fah hospital policy blog

Perspectives on health policy affecting America’s hospitals and the patients we serve.

Category Archives: transparency

FAH Responds to Senate Request about Health Care Price and Information Transparency

March 23, 2018 | FAH Policy Blog Team

Category: Transparency

Today, FAH submitted a letter in response to a request from Senators Cassidy, Bennet, Grassley, Carper, Young, and McCaskill. The Senators recently launched a bipartisan effort to increase health care price and information transparency to empower patients, improve quality, and lower costs.

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Looking to the Future of Value Based Payments

April 18, 2017 | Chip Kahn

Category: Health Care Delivery, Quality, Transparency

Measures that matter, return on investment, and meaningful reporting – these are three things our industry needs to focus on as we look to the future of value based payments.

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FAH President & CEO Keynotes HIMSS Summit, Celebrates National Health IT Week

October 09, 2015 | FAH Hospital Policy Blog Team

Category: Affordable Care Act, HIT, Medicaid, Medicare, Transparency

On Wednesday, FAH President & CEO Chip Kahn gave the keynote speech at the HIMSS Policy Summit during National Health IT Week. Healthcare IT News spotlighted Kahn’s health care expertise in a piece this week: 8 healthcare insights from a longtime Washington insider. Kahn offered key observations on challenges facing the industry both politically and internationally:

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FAH Recommends FTC Re-Examine Anticompetitive Effects of Corporate Practice of Medicine Doctrine

June 05, 2014 | FAH Hospital Policy Blog

Category: Transparency

The letter submitted by the FAH in response to the Federal Trade Commission’s March 2014 Examining Health Care Competition workshop centers on price and quality transparency. It also includes our recommendations on a third, critically important issue: the corporate practice of medicine. The FAH believes the FTC should reexamine the anti-competitive effects of the corporate practice of medicine doctrine.

Defined as “the practice of corporations hiring physicians for purposes of generating profits”, state corporate practice of medicine restrictions have been in place since the turn of the 20th century. While these restrictions are intended to protect the public from corporate interference with medical care and restrictions on physicians’ autonomy and discretion, they also prevent the development of new competitive models of care delivery.

Given the changes in the health care landscape, the need for and effectiveness of corporate practice of medicine protection are increasingly being called into question. With the rise of managed care and the advent of increasingly integrated care delivery, we must examine whether the public benefit of ensuring greater physician autonomy outweighs the public benefit of enabling providers the flexibility to form more effective care models.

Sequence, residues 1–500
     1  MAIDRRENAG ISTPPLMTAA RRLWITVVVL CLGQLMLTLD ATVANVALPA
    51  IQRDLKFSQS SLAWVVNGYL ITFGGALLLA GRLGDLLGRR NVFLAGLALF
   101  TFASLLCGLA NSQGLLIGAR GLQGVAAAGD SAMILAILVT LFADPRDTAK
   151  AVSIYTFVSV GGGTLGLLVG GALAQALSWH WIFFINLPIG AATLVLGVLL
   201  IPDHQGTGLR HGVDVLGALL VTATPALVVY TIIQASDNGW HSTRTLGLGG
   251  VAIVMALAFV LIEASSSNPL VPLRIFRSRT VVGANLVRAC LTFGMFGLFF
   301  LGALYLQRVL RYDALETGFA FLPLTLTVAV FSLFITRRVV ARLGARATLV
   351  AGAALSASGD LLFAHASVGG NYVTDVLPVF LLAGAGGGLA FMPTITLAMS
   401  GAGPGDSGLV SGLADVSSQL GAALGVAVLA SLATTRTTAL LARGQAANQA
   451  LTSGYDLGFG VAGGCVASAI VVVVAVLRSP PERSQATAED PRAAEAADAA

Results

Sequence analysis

In many instances, state corporate practice of medicine policies contain exceptions or unintended loopholes that cannot be justified as creating a public benefit when weighed against the costs. These exceptions and loopholes create a very uneven playing field among competing providers, that doesn’t add up to sound public policy

At the same time, the corporate practice restrictions that originally drew the FTC’s attention to the doctrine in the 1970s largely remain in place. They continue to create significant and unwarranted anticompetitive effects and obstacles to innovation. More broadly, they raise a fundamental question: whether old regulatory models serve the goals of modern reform.

Health care providers actively are implementing the “Triple Aim” imperatives of increasing quality, lowering costs, and improving access. Yet in certain states, these goals are stymied by a corporate practice of medicine doctrine that is archaic, outdated, and which stifles market competition and innovation.This is why we believe this doctrine should be reevaluated and deserves the renewed attention of the FTC.

Refocusing attention on this issue will help promote competition and innovation through:

* Flexibility in creating better models of care delivery;

* Innovation in creating new payment models;

* A level playing field for providers; and,

* Better care for patients.

As healthcare markets evolve and move increasingly toward greater integration and more managed care systems, providers must have the freedom to evolve with the marketplace. Stipulations put in place ostensibly to protect consumers but which ultimately drive competition out of the marketplace must be reassessed and revised. Consumers are best protected by marketplace-based competition and innovation allowing the transition to a new healthcare system and its potential to bring better, more efficient and value-driven care to patients.

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